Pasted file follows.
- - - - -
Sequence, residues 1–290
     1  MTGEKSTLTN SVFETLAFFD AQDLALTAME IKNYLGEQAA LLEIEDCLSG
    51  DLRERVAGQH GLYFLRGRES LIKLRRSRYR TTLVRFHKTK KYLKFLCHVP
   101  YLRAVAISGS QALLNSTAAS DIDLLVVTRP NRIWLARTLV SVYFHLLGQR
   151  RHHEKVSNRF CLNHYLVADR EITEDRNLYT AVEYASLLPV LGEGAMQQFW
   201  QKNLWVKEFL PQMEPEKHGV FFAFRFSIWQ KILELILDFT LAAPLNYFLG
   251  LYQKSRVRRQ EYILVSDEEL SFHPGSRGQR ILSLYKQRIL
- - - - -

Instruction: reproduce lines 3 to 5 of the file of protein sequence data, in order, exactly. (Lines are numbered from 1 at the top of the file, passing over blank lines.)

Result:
    51  DLRERVAGQH GLYFLRGRES LIKLRRSRYR TTLVRFHKTK KYLKFLCHVP
   101  YLRAVAISGS QALLNSTAAS DIDLLVVTRP NRIWLARTLV SVYFHLLGQR
   151  RHHEKVSNRF CLNHYLVADR EITEDRNLYT AVEYASLLPV LGEGAMQQFW